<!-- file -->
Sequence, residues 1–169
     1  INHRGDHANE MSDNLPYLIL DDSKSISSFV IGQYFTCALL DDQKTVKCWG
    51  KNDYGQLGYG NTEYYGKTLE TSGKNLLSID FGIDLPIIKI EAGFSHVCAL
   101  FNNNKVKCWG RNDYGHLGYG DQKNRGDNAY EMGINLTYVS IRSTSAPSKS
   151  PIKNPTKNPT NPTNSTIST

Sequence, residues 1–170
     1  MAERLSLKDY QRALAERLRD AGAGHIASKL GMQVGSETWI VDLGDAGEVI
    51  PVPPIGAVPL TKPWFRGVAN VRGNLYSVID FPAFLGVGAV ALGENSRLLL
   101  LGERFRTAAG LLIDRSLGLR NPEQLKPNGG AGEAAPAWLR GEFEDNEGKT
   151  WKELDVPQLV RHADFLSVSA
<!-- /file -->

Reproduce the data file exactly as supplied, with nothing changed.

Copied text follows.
Sequence, residues 1–169
     1  INHRGDHANE MSDNLPYLIL DDSKSISSFV IGQYFTCALL DDQKTVKCWG
    51  KNDYGQLGYG NTEYYGKTLE TSGKNLLSID FGIDLPIIKI EAGFSHVCAL
   101  FNNNKVKCWG RNDYGHLGYG DQKNRGDNAY EMGINLTYVS IRSTSAPSKS
   151  PIKNPTKNPT NPTNSTIST

Sequence, residues 1–170
     1  MAERLSLKDY QRALAERLRD AGAGHIASKL GMQVGSETWI VDLGDAGEVI
    51  PVPPIGAVPL TKPWFRGVAN VRGNLYSVID FPAFLGVGAV ALGENSRLLL
   101  LGERFRTAAG LLIDRSLGLR NPEQLKPNGG AGEAAPAWLR GEFEDNEGKT
   151  WKELDVPQLV RHADFLSVSA